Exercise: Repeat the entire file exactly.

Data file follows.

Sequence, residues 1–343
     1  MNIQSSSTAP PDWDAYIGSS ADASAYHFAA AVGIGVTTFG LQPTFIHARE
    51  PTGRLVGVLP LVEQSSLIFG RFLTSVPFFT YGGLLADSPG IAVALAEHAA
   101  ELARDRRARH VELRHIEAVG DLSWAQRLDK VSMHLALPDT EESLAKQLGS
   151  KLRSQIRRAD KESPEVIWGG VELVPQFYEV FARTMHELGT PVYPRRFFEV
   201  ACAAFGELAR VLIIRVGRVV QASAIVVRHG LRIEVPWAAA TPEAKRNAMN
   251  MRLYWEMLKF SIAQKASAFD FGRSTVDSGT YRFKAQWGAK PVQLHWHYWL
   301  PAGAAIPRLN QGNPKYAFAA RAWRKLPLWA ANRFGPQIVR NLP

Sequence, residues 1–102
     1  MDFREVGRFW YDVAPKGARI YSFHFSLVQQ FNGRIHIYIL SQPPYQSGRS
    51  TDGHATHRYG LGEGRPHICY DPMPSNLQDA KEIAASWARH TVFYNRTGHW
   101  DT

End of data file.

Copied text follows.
Sequence, residues 1–343
     1  MNIQSSSTAP PDWDAYIGSS ADASAYHFAA AVGIGVTTFG LQPTFIHARE
    51  PTGRLVGVLP LVEQSSLIFG RFLTSVPFFT YGGLLADSPG IAVALAEHAA
   101  ELARDRRARH VELRHIEAVG DLSWAQRLDK VSMHLALPDT EESLAKQLGS
   151  KLRSQIRRAD KESPEVIWGG VELVPQFYEV FARTMHELGT PVYPRRFFEV
   201  ACAAFGELAR VLIIRVGRVV QASAIVVRHG LRIEVPWAAA TPEAKRNAMN
   251  MRLYWEMLKF SIAQKASAFD FGRSTVDSGT YRFKAQWGAK PVQLHWHYWL
   301  PAGAAIPRLN QGNPKYAFAA RAWRKLPLWA ANRFGPQIVR NLP

Sequence, residues 1–102
     1  MDFREVGRFW YDVAPKGARI YSFHFSLVQQ FNGRIHIYIL SQPPYQSGRS
    51  TDGHATHRYG LGEGRPHICY DPMPSNLQDA KEIAASWARH TVFYNRTGHW
   101  DT